1. If this is your first time on BYC, we suggest you start with one of these three options:
    Raising Chickens Chicken Coops Join BYC
    If you're already a member of our community, click here to login & click here to learn what's new!

Has anyone ever had luck with feather sexing?

Discussion in 'What Breed Or Gender is This?' started by s6bee, Jul 18, 2007.

  1. s6bee

    s6bee Chillin' With My Peeps

    Jul 1, 2007
    Western, NY
    I saw a show once that showed how they sex chicks in a hatchery ( I think it was a meat/poultry farm ), by taking a look at the feathers on the wings. Has anyone has success in doing this method or is venting better and or easier?

    I was given an extra chick from the hatchery and I specifically told them I can't have a roo, so I'm hoping they didn't send me one.

    On another note, if I ordered my chicks to be vaccinated, would they vaccinate the extra.

    Stephanie
     
  2. snaringamerica

    snaringamerica New Egg

    7
    0
    6
    Jul 16, 2007
    Reynoldsville, PA
    a males feathers will look something like this:

    ----------------
    --------
    ----------------
    --------
    ----------------
    --------
    ----------------

    and a females will look like this:

    ---------------
    ---------------
    ---------------
    ---------------
    ---------------
    ---------------
    ---------------
     
  3. lurky

    lurky Chillin' With My Peeps

    Jun 4, 2007
    Western MA
    I called a hatchery about this method and was told it only works with certain bird combinations. I would not count on this method based on what he said, but rather wait til they grow and see what you get.
     
  4. chicknmania

    chicknmania Overrun With Chickens Premium Member

    4,875
    138
    301
    Jan 26, 2007
    central Ohio
    We've found on most breeds when they're a few weeks old it's easy to tell the difference. The male's feathers do look like what was described above, and lots of times he will quickly develop the long feathers on his neck and back, and longer tail feathers.
     
  5. ella

    ella Chillin' With My Peeps

    Here is some info on feather sexing:

    Mating an early-feathering male such as an Ancona or Leghorn to hens of a slow-feathering breed like Sussex or Rhode Island Reds will result in male chicks which have very short flight feathers which do not protrude past the downy wing coverts and females which show definite wing flights which show clearly past the wing coverts. This method requires inspection immediately after hatching, before the males feather growth "catches up" to that of some late hatching pullets.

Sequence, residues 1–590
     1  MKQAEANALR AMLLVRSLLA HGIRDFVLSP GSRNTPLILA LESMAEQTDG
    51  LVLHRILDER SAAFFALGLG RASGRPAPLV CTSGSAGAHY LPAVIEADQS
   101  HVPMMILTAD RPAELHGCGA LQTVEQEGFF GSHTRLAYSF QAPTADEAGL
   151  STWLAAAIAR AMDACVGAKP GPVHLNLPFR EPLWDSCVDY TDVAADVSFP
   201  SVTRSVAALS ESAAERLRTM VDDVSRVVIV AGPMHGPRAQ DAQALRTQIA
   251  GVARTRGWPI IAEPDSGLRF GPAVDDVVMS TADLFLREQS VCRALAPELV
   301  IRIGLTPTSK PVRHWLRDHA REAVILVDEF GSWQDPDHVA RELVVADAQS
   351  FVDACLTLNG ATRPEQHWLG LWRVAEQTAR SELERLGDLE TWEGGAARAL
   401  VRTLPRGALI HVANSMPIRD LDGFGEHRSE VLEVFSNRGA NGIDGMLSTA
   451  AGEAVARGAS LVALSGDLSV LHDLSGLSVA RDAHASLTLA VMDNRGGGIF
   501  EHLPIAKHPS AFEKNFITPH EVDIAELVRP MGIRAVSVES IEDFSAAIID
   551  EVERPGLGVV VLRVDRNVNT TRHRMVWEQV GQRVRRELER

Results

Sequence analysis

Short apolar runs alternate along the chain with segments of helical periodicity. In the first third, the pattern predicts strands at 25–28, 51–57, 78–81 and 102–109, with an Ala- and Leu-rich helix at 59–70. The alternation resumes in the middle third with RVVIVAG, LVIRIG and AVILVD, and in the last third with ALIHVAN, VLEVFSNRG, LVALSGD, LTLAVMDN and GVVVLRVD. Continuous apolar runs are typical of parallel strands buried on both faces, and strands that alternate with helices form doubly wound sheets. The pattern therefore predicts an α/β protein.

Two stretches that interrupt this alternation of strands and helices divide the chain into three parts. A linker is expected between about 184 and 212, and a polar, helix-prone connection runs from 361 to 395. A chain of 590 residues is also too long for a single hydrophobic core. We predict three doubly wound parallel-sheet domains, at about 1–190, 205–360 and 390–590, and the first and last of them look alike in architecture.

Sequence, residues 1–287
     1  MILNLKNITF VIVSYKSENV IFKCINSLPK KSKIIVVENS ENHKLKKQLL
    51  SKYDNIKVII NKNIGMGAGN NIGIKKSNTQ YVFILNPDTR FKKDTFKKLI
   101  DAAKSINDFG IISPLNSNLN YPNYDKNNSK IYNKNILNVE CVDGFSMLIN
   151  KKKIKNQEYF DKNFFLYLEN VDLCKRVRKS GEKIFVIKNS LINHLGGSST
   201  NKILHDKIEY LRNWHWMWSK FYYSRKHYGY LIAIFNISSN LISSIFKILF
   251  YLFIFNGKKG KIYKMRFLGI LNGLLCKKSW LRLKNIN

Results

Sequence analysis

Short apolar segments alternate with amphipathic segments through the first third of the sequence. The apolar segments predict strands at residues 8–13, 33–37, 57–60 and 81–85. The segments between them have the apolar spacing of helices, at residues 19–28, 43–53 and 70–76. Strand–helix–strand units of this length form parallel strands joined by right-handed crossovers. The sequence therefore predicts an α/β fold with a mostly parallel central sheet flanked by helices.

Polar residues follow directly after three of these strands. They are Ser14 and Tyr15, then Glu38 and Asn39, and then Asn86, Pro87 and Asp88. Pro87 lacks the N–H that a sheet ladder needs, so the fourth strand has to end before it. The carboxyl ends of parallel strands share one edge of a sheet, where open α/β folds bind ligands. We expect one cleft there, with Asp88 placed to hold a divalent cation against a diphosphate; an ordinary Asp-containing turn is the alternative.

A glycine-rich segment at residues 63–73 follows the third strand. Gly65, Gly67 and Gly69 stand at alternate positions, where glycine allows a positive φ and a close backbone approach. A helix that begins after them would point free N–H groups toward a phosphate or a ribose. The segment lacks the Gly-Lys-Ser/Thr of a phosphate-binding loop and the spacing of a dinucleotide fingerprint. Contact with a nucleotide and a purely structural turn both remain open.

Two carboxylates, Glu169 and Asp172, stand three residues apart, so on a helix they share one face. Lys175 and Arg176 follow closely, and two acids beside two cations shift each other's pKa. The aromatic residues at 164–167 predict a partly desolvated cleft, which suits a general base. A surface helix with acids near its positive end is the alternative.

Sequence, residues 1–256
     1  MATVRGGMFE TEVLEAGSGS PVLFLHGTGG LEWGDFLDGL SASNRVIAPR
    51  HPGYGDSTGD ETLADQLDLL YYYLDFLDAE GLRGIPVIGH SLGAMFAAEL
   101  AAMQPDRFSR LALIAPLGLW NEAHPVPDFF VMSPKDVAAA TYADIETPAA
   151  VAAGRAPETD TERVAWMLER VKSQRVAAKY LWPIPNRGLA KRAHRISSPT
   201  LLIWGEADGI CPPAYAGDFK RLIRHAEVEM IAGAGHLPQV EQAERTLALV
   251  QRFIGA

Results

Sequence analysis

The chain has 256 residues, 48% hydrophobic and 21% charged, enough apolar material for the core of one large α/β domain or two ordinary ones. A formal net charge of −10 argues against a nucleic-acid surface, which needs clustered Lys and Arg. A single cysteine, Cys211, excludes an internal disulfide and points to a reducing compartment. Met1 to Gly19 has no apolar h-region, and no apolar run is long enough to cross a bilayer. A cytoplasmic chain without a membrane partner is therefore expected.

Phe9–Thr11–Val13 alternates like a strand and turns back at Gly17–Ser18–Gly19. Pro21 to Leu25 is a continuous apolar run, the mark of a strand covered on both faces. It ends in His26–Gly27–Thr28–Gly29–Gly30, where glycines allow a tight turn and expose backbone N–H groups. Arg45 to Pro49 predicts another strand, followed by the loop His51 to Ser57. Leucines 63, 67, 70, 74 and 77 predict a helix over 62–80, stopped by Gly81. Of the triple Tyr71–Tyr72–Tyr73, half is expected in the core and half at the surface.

With heavy breeds it is sometimes easy to determine the pullets by their faster and more even rate of feathering. Males feather more slowly and in a more patchy manner (but this is not always the case with some strains).
     
  6. s6bee

    s6bee Chillin' With My Peeps

    Jul 1, 2007
    Western, NY
    Ok, all the birds have the same wing pattern even though none were supposed to be of the same breed, except the added one could be.

    We have a Silver Laced Wayandotte, Barred Rock, Black Austrolorp, and a Delaware.
    They all seem to have a row of feathers that are longer than the rest.
    They look like this,

    --------
    --------
    ------------
    ------------
    ------------
    --------
    --------

    Does that help?? I'm new at EVERYTHING!

    Thanks
    Stephanie
     
  7. s6bee

    s6bee Chillin' With My Peeps

    Jul 1, 2007
    Western, NY
    Ok, I'm back again because now I'm worried I have a roo.
    We ordered a Black Austrolorp and a Barred Rock. They are difficult to tell them apart as they look alike. Are these similar at this age? Anyway, one now seems to be showing signs of a comb. Is this normal for one of those above breeds at this age? Oh my kids will be sooo upset if it's roo as we can't keep it.
    I guess also if anyone has instructions as to vent this little guys it would be helpful. Which "outlet" am I venting??? I know that sound so bad.....
    Thanks for the help.
    Stephanie
     
  8. ella

    ella Chillin' With My Peeps

    Knowing what age they are would help [​IMG].

    Sorry, but you cannot vent sex a chick if it is over 1 day old. You could kill it if you tried.

    At about 5 weeks old you can usually tell pretty well who's who. Even if you have all girls you will see little differences in growth that will keep you guessing until they lay. So don't panic if one is developing faster. [​IMG]

    With the breeds you listed if one has a much bigger redder comb and thicker legs it's probably a boy.

    Here is a pic of some chicks at 3 weeks old. The one in the back is a pullet the other a cockerel:
    [​IMG]


    Here is the boy at 6 weeks old:
    [​IMG]

    Here is his sister at 6 weeks old:
    [​IMG]


    Does that help at all?
     
    Last edited: Jul 19, 2007
  9. Chirpy

    Chirpy Balderdash

    May 24, 2007
    Colorado
    Here's two Australorps. The hen is on the left and the Roo is on the right. They are about six to eight weeks old in the picture.
    [​IMG]
     
  10. s6bee

    s6bee Chillin' With My Peeps

    Jul 1, 2007
    Western, NY
    Right now they are only a week old. But a couple of them ( all diff. breeds though ) have the beginning signs of a comb. They have not increased in size though since we first noticed a few days ago.

    I guess we'll just wait and see......hopefully we don't have to re-home any. The kids will be heartbroken.

    Thanks
     

BackYard Chickens is proudly sponsored by